And then there was the whole fact that I was going crazy and was doing the one thing that even born and raised New Yorker's avoid. Touching as many surfaces as I could.

I knew I must be having some sort of attack.  These things didn't just happen: sudden epiphanies to everyday beauty, and grace, and even truth.  An all-of-a-sudden recognition of the goodness that withstands in creation, even man-made creation. 

Aiming myself towards the uptown 1 train, my eyes caught a used clothing store. I slipped back into the mania, and heart picked up the pace again.
All the fabrics to be felt! I walked, half ran, up and down the asiles running my hands along fabrics, pausing every now and then when something caught my attention.  I would just stand there, caressing a blouse or worn leather cowboyboots as if they were my lovers.  Finally when the woman working there caught me with a puzzled, look and I left the store, regretting not making it to the handbag section.

That one barista did look at me funny and then said something as I walked out in my trance. I had though he was trying to flirt when he brought the second cup of coffee to my table for me. But maybe he was the one who slipped me something. It was an independant vegan coffee shop, it seems expected that someone has access to questionable substances.  
But no, that was actually crazy.  I was just in a total, scary, and wonderful condition brought on by suddenly, all at once, perceiving God's love for me as an individual in everything I could feel. Its that simple. …

I knew the roughness of the bark on that tree was all for me, because no one else cared to touch it or absorb it's power, its beauty. But why was this happening to me? Why wasn’t anyone else paralyzed by this sudden awareness?
Then the humor of it hit me. The passage from Nouwen that I had been concentrating on read, "The choice for gratitude rarely comes without some real effort. But each time I make it, the next choice is a little easier, a little freer, a little less self-conscious. Because every gift I acknowledge reveals another and another, until finally, even the most normal, obvious, and seemingly mundane event or encounter proves to be filled with grace."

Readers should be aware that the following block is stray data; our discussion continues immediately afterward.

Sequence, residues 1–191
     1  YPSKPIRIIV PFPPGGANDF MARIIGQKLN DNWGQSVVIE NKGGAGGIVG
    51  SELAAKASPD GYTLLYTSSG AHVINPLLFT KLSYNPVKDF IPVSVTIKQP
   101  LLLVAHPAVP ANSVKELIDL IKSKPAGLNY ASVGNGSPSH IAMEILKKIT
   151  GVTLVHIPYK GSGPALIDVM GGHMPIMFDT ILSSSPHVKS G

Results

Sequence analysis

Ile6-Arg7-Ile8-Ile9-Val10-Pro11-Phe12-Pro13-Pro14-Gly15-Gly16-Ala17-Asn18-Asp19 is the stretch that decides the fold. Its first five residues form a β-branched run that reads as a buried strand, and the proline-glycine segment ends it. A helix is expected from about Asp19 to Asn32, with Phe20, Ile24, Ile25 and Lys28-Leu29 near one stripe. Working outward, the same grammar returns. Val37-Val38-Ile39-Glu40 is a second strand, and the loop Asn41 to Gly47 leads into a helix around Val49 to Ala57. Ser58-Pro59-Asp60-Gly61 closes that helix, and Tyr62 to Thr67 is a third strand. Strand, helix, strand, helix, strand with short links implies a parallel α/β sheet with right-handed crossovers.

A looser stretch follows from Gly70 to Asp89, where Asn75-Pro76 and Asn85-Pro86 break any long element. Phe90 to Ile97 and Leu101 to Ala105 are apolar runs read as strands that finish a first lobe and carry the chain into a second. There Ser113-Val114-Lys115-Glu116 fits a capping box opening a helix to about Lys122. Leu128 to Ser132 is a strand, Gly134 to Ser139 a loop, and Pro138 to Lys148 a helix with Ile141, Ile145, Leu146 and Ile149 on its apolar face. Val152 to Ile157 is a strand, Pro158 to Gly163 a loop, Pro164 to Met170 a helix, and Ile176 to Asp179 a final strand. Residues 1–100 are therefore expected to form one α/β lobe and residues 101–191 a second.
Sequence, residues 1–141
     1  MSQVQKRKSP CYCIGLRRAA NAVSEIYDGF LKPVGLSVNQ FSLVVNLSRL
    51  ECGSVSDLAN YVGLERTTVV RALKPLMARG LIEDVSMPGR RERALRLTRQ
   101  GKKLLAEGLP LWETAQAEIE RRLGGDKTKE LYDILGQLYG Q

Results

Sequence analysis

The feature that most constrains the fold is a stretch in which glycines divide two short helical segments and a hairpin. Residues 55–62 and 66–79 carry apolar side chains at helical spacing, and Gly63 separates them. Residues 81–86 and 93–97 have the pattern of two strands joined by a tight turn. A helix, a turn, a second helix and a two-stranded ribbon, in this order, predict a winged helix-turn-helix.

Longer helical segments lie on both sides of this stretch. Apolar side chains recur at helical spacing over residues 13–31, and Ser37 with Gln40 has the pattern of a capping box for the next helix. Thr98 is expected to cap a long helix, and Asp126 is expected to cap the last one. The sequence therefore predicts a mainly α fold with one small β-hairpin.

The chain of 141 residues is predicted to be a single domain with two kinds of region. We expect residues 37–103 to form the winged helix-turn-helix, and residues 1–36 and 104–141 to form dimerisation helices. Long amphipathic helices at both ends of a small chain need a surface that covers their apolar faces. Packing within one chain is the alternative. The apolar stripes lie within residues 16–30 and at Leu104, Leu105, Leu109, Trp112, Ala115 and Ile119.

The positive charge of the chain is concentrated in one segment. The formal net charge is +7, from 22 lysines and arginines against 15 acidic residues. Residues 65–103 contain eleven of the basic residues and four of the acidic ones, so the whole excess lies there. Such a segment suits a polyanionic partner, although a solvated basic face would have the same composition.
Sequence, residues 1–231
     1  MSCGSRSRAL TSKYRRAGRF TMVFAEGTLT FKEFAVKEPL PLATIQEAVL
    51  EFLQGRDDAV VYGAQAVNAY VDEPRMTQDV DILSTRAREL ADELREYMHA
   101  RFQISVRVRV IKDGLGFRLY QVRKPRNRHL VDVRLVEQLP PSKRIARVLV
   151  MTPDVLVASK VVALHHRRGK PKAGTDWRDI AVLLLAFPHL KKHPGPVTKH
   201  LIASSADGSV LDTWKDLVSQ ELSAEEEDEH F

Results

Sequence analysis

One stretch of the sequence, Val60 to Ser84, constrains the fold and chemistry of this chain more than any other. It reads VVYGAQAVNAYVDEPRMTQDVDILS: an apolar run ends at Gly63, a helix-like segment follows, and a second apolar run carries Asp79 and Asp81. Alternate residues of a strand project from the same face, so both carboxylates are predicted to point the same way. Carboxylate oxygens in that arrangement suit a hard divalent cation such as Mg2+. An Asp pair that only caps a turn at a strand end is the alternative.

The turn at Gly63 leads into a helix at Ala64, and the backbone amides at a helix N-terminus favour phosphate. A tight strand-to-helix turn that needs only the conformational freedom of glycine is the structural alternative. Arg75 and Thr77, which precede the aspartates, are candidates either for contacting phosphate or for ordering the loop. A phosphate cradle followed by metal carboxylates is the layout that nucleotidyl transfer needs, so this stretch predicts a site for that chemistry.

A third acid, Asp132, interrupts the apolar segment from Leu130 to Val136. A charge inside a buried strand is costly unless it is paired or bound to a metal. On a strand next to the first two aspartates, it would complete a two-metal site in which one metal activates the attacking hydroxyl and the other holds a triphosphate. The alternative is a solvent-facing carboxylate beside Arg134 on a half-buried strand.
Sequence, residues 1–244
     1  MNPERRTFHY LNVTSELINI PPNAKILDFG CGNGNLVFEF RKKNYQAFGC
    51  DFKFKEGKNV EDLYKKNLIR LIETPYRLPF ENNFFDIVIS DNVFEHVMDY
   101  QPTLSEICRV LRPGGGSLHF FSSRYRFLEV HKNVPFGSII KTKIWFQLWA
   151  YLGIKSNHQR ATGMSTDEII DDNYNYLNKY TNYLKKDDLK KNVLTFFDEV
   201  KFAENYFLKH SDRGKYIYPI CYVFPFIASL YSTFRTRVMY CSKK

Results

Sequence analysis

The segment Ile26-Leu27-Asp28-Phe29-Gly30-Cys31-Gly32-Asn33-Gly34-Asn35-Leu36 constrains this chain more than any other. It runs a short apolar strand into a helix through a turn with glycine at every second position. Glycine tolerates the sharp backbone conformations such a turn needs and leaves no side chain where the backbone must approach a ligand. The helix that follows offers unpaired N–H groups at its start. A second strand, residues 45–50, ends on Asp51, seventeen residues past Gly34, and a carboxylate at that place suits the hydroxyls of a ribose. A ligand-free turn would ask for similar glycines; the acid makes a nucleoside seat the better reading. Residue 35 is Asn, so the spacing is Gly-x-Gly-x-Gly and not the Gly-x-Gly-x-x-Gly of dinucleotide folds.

This was exactly, literally what I have been praying for for the past few weeks.  "Lord, lift me out of this haze.  I want to see your beauty and love in all that surrounds me."  I hadn't expected the prayer to be answered, so when it was, and quite literally, it scared the shit out of me.

Besides, this couldn’t be drug related or craziness because I was very aware of the fact that I knew I was headed for the subway and had to find something to hold for the ride or I would be rubbing my hands on the poles and doors and who knows what else. And I didn’t have andy Purell. I was aware and present enough that I ripped a small leaf off of a hedge to hold between my index finger and thumb. 

I was able to sit on the subway and close my eyes, just rubbing the leaf between my fingers.  Smooth side, rougher underside, with the vien down the middle. turning it over, and switching hands.  I made it all the way to my stop, and having slowed my heart rate on the ride, emerged from the subway a little less overwhelmed than I had gone down. 

I webbed my fingers again for the walk to the church, and realized that with the cold they had begun to numb. By the time I got to the church I had lost most feeling, and with it, the awareness of the details. Though relieved to not have to feel everything, I was a little disappointed when I thawed and the hypersenstivity didn't come back.

For a few brief hours I could feel something that no one else could. I was special, and so priviliged to be in a place with so much mundane beauty around me.
So whether it was the Lord God Almighty talking to me through a coffee cup or a substance less dangerous talking to me through a coffee cup, it pulled me out of a hole I had been wallowing in. Perhaps it was some combination.

I am not fundamental enough to think the Lord wouldn’t use "altered states" to get to people. There too many stories that I believe about people finding Jesus at rock bottom. I'm not saying Jesus told me to do drugs, but, for the rest of Lent, that is what I will solemnly contemplate, God's sense of amusement in granting my prayers.


Poem for a Springtime Nap

Waiting for you is like waiting for water to turn to wine.
I don't know if it is my own vain-glory or fear,
But I taste-test over and over, lacking the patience and trust in my eyes or heart to witness a change in composition.
I look daily for the miracle of you,
the alchemy I am sure must take place in me and the world before your appearance.
Because I am sure you will be golden like the sun,
which warms my face already.
It is a foreshadowing,
or rather,
a foreshine, that convinces me that you are yet to come.

When it is beautiful out is when I want you most,
and when I lie by myself for an afternoon naps with you caressing my face.
The most joyful moments are those which also remind me that I am alone,
and uncared for except for the Lord, and
a kindred spirit smiling,
somewhere at the same sun.


Gary Indiana is not the edge of the world, It turns out

"Gary Indiana is not the edge of the world, It turns out"

My burgeoning love affair with the ocean was unexpected.
As someone who didn't see salt water until 15,
except sea-salt water in her medicinal foot soak,
as a suburban Chicagoan whose impression of the beach
never saw anything other than a more dangerous swimming pool.
I am afraid of loving the ocean.
The salty, briny smell,
the sand more often wet and cold than warm and glamourous.
The romantic sound of the waves.

I am most afraid of raising my eyes and falling in love with the horizon,